This is me.

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Final project

For my final project, I wanted to play with the ideas of identity and authorship in the digital age.  I had been thinking a bit about Charlotte's presentation on Sophie Calle, and decided to engage myself in the question of privacy and invasion in art.  

For subjects, I chose my classmates.  Despite having spent a semester in a seminar setting with them, they remain, to some extent, strangers.  I had thought of a more thorough investigation, Calle-style, using Facebook and other ways of actually invading their privacy, but I chose instead a more subtle invasion, through the class wiki.  Here is a space that all of us can edit, and yet we all have "our own" page, under our name, with the work that represents our creativity, our diligence, and our interest in this class.  Though somewhat informal, there is nevertheless something personal about this space of authorship, this place where we use our own words to talk about work that is otherwise open to any and all interpretation.

So I decided to infiltrate that personal space, in a way that was both obvious and puzzling.  With the title "This is me." at the top of each person's wiki page, without any other heading to explain it, I linked to another page with a collage I had created.  These collages both are and are not the "me" described, the name in parentheses following the title.  

When I think about identity, I think about portraiture (perhaps as a result of my art historical training).  In some ways, all that is left of the physical persons of all the generations that came before is their image, which means nothing if not attached to a name (think of the scholarly scrambling to identify the Mona Lisa, for example).  Writing you can put another name to (who wrote the Bible? Shakespeare's plays?) but an image and a definitive name attached to it has a certain aura and authenticity, whether in paint, mosaic, sculpture, or especially photographed (Barthes in Camera Lucida, for one explanation).  A name and a face; in the end, that is all we can lay claim to as our own.

Or can we even have that?  Today, when we want to find out if we know someone, recognize them, we go to the internet.  There, we can find... pretty much everyone with access to the internet.  Our searching can go by two main methods: social media like Facebook, and search engines like Google.  Social media are where people define themselves, what they think of as their best selves, for the world to see.  We may be more likely to (eventually) find the person we are looking for, the normal person, among pages of same-name-different-face on social media.  Search engines are somewhat more intriguing: they are not a self-chosen selection: they reflect everything in the world database, and prioritize it all according a public consciousness that decides who or what is the most (that search term).  We have all Google-image searched ourselves at some point: depending on our name, we may end up with images of strangers, of ourselves, of (un)related things, of nothing.  This is how we measure our presence in the world, in that hyper-mediated global space that is the internet, that is a/the world consciousness.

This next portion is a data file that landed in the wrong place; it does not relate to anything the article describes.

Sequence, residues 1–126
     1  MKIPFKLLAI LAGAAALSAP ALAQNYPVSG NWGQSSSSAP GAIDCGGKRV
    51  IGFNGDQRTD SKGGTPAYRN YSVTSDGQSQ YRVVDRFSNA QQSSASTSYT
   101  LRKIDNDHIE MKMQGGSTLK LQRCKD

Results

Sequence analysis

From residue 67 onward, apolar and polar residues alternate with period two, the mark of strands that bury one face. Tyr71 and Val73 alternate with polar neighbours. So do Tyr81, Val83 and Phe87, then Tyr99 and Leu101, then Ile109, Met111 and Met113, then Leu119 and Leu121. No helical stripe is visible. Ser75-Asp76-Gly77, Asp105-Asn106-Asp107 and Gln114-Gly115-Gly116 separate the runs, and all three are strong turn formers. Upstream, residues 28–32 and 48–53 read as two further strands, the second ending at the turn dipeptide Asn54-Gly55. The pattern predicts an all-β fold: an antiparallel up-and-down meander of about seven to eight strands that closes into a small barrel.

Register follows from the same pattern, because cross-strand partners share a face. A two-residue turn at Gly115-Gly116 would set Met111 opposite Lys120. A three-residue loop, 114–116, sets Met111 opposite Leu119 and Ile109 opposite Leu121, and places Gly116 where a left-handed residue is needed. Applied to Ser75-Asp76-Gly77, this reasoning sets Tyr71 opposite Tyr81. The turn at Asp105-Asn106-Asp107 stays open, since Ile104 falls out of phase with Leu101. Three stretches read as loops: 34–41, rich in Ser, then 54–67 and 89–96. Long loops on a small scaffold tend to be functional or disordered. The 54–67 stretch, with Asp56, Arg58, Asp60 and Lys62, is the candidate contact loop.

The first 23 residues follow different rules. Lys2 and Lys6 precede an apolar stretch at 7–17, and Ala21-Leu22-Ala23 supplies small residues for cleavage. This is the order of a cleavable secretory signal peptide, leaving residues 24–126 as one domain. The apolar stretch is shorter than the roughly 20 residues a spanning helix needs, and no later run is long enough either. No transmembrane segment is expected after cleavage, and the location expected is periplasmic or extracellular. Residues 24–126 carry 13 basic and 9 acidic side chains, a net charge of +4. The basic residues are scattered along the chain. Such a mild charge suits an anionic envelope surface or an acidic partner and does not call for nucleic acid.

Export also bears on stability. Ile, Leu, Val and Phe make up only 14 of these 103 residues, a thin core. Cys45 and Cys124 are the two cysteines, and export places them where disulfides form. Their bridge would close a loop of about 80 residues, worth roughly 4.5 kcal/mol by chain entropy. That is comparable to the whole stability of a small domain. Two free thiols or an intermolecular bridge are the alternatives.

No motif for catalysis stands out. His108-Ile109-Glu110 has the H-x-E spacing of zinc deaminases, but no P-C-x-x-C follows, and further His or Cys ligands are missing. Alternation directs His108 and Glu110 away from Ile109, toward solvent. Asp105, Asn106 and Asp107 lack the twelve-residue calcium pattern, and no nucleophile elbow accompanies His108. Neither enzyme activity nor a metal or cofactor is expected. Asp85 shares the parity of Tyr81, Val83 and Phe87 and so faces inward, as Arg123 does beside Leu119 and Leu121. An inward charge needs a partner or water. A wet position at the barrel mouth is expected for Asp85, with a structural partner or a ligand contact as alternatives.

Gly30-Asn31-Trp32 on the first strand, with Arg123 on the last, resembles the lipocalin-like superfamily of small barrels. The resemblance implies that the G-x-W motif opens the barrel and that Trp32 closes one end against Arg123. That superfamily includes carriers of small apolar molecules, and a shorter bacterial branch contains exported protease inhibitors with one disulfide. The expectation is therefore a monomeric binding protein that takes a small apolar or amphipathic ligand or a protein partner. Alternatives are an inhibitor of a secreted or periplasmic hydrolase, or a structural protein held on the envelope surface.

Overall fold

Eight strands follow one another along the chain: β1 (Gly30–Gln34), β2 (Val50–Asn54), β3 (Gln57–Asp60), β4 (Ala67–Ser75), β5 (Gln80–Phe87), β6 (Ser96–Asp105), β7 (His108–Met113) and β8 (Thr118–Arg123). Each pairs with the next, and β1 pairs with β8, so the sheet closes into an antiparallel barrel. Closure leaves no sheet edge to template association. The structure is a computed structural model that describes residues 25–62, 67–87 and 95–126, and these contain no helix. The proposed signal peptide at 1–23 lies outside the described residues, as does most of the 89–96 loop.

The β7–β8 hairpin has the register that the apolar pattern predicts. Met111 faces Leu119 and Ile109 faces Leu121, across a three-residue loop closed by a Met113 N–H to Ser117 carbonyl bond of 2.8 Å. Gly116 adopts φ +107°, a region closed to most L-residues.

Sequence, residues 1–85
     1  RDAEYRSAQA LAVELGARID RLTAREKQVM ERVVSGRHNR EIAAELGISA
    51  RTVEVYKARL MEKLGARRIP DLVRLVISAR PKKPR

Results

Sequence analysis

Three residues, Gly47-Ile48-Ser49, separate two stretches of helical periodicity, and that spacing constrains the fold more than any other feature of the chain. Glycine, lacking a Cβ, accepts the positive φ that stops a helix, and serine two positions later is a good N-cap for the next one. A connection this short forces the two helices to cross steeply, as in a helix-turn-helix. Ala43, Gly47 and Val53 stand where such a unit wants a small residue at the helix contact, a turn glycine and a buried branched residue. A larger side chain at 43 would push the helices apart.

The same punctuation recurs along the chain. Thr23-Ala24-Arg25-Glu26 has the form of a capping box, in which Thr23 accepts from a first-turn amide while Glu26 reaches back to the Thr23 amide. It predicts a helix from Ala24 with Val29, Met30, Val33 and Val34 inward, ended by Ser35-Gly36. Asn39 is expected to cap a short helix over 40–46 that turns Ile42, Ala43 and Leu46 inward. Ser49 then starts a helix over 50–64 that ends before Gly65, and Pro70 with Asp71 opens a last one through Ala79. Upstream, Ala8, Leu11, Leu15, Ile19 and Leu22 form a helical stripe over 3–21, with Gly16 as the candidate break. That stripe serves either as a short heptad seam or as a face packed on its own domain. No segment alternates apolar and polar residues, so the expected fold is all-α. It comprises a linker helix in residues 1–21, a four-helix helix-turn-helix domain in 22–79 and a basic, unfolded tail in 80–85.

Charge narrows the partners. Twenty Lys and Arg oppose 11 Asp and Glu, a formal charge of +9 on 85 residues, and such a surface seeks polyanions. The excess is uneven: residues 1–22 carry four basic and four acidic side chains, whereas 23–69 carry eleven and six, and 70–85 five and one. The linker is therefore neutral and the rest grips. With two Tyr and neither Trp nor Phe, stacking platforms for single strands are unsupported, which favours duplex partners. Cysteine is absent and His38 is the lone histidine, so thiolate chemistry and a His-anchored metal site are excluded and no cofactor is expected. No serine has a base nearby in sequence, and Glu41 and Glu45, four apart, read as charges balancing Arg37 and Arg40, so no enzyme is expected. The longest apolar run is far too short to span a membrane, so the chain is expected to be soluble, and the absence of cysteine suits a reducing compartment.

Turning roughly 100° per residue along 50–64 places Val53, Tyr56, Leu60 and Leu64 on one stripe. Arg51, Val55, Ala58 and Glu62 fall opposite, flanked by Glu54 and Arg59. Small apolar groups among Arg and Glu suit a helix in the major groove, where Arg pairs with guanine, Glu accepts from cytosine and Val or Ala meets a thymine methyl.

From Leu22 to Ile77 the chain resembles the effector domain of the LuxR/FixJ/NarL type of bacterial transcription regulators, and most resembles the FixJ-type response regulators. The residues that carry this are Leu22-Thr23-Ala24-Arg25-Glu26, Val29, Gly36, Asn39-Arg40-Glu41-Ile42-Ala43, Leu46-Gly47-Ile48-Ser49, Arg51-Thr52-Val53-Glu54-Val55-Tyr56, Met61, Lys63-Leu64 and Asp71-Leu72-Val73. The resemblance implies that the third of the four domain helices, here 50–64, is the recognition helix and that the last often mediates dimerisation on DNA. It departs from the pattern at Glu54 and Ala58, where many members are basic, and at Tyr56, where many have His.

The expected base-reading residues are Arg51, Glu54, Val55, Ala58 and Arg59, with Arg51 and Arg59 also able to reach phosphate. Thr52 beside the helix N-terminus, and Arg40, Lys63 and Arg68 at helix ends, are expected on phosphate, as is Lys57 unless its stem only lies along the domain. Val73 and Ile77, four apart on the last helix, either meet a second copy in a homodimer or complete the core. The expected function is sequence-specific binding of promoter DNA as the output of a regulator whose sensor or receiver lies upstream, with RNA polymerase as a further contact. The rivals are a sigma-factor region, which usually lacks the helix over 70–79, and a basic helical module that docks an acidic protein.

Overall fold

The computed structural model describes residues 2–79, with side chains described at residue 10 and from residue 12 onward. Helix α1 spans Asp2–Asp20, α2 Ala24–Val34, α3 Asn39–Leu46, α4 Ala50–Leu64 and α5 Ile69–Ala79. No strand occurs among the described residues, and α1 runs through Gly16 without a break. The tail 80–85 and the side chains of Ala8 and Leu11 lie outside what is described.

So, to find out who they may or may not be, despite whether or not they try to present themselves in one way on the internet, I Google-image searched all of my classmates.  Using (for the most part, with a few tweaks to fill space and/or avoid excessive repetition) the first page of results, I created a collage for each person.  The collages filled a standard 8.5" by 11" page, grid-style, with a bar across the bottom. They are somewhat based on the various sizes of the images that appeared, but also are the result of chance and my own attempts to fit them to the page.  In some ways, the clearly handmade and amateur quality of the collages emphasizes the idea of stolen authorship, I think, in the fact that they appear more likely to have been created by the "me" of the title.  They are informal and perhaps evoke a class project or yearbook page in middle and high school. 

My classmates now have the opportunity to alter or remove the collages, just as I have the opportunity to put them back (at least as long as my Brown ID works!).  I also issue an open invitation to them to make one for me as well.

As a final note: I originally wanted nothing on my page to tie me to the others' pages, or to explain what had been done, but alas the necessities of a classroom setting demanded documentation.

Documentation (alphabetical):

CHARLOTTE ANDERSON                                                                                                                                    ED BROWN

GAVIN ATKINSON                                                                                                                                                   JACK HORKINGS

JULIA MADSEN                                                                                                                                                       KAT LEE

KEVIN COCHRAN                                                                                                                                                   NARA SHIN

ROBERT SANDLER                                                                                                                                               ROSEY SELIG-ADDISS


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